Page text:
It’s been one month since James “Kent” Cagle took the helm as Killeen’s new city manager.
Cagle, 58, replaced former City Manager Ron Olson, who retired Oct. 1, 2019, after more than 40 years of city management in various cities, including Killeen.
Cagle was selected in November out of a total 29 nationwide candidates. His official start date was Dec. 3.
Since 1987, the Tulia, Texas, native has worked in local government — beginning his city management career in January 2001.
Cagle said his reception in Killeen has been a warm one, and he enjoyed “getting to know them (department heads).” The proud Texas Tech Red Raiders fan also said there were no surprises when he came to Killeen as he did “extensive research.”
He also added that during his time as city manager “we will deliver a balanced budget.”
“I will be engaging city council and staff very soon to help establish priorities. I know we have a very sizeable list of issues that require more resources than are available, so we will do our best to prioritize and make the best use of the funds that we have,” Cagle said.
When asked if he’d set any goals for his first year as city manager Cagle said two issues “come to mind immediately.”
Killeen’s homelessness needs came to light in the summer of 2019 when the local shelter closed down for about three months due to financial issues.
The nonprofit shelter closed temporarily May 18 after a grant for $123,000 was discontinued and an Emergency Solutions Grant for $93,500 was cut to $51,273.
In June, a slew of camping tents were pitched in front of Friends in Crisis homeless shelter in downtown Killeen. It was dubbed “Tent City.”
Killeen area residents helped bring food, water and portable sanitary facilities to the encampment. Some people donated money.
The shelter raised enough funds to reopen in July.
Today, the shelter remains open but there are still signs of homelessness in Killeen, mainly downtown.
Cagle said he would like to see the community come together and deal with the homeless situation.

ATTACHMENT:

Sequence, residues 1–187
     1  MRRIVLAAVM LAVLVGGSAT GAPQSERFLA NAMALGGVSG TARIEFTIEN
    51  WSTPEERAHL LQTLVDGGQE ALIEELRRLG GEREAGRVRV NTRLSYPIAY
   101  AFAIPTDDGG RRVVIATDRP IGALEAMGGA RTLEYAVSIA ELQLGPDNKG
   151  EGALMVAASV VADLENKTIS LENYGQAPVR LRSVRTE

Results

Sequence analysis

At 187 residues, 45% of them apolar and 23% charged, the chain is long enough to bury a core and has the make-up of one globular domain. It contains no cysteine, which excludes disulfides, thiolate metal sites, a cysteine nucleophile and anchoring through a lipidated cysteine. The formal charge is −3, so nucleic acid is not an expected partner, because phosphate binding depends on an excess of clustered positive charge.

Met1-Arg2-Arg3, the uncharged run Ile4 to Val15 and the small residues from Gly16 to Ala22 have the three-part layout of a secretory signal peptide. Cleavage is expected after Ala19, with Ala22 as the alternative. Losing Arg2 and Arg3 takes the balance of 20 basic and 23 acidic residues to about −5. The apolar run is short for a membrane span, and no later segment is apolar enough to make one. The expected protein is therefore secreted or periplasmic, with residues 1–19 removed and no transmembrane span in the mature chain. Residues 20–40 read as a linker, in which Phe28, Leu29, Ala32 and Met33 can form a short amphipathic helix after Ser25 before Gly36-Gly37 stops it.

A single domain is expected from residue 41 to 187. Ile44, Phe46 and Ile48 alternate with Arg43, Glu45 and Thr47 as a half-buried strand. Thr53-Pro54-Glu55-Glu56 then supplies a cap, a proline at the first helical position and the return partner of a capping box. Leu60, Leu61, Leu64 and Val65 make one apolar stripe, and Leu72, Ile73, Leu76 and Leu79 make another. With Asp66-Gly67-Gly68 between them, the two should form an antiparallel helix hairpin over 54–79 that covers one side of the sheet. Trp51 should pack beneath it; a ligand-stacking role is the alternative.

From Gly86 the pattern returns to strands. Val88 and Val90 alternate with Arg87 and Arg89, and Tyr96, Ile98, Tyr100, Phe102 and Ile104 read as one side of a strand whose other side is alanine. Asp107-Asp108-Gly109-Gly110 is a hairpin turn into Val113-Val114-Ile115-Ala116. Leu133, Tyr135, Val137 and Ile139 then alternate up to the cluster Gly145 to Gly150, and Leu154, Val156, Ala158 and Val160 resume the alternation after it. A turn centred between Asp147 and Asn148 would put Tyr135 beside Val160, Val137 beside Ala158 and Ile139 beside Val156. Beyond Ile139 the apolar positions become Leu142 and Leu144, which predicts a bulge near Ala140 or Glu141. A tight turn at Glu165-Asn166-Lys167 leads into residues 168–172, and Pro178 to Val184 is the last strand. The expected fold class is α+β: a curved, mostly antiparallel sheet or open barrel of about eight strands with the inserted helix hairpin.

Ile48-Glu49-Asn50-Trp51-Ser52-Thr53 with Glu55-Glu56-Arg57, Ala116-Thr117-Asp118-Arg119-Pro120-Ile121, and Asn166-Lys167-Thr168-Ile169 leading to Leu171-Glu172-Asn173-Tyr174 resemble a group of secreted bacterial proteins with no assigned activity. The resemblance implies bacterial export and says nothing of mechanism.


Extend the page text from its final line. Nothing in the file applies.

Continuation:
“This can’t be just a top down government funded solution, city government can be a partner, but the solution must be community based,” Cagle said. “Downtown should be a significant revenue generator for the city, and it will continue to decline unless the homeless situation is addressed.”
Cagle is aware of the need to pay for growth in Killeen.
The city has experienced its share of growth in recent years with the current population being close to 150,000 — 10,000 more than five years ago. Projections by the Texas Water Development Board reflect that the number would top 238,000 by 2050.
Also on the rise is the demand for city services like water delivery, wastewater removal, roads and first responders.
Cagle said the city needs “to have a thorough discussion about growth, including the impacts it has on service level demands and infrastructure, so that we can plan and take deliberate actions to make Killeen what we want it to be in the future.”
Added Cagle: “Inside of City Hall, we have a great group of committed employees that work very hard for the City of Killeen. Outside of City Hall, I would say that we are a small city with big city problems, but without the big city resources to deal with those problems.”
Cagle said his strength to address these and other city issues is his experience in both fast growing and mature cities.
“While Killeen is experiencing rapid growth, it is also an older city in need of redevelopment. I have a successful track record in solving problems in both types of cities,” he added. “In the coming years, I look forward to helping Killeen solve its most pressing problems. The issues Killeen faces will take time to address, and I’m committed to being part of the long-term solutions.”